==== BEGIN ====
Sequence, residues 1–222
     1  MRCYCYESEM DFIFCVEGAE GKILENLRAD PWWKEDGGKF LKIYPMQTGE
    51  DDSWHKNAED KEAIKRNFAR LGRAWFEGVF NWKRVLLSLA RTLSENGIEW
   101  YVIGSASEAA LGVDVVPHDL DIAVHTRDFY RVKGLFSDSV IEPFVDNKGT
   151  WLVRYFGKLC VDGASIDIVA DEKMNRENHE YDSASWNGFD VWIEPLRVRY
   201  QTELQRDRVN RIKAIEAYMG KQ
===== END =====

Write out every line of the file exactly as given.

Sequence, residues 1–222
     1  MRCYCYESEM DFIFCVEGAE GKILENLRAD PWWKEDGGKF LKIYPMQTGE
    51  DDSWHKNAED KEAIKRNFAR LGRAWFEGVF NWKRVLLSLA RTLSENGIEW
   101  YVIGSASEAA LGVDVVPHDL DIAVHTRDFY RVKGLFSDSV IEPFVDNKGT
   151  WLVRYFGKLC VDGASIDIVA DEKMNRENHE YDSASWNGFD VWIEPLRVRY
   201  QTELQRDRVN RIKAIEAYMG KQ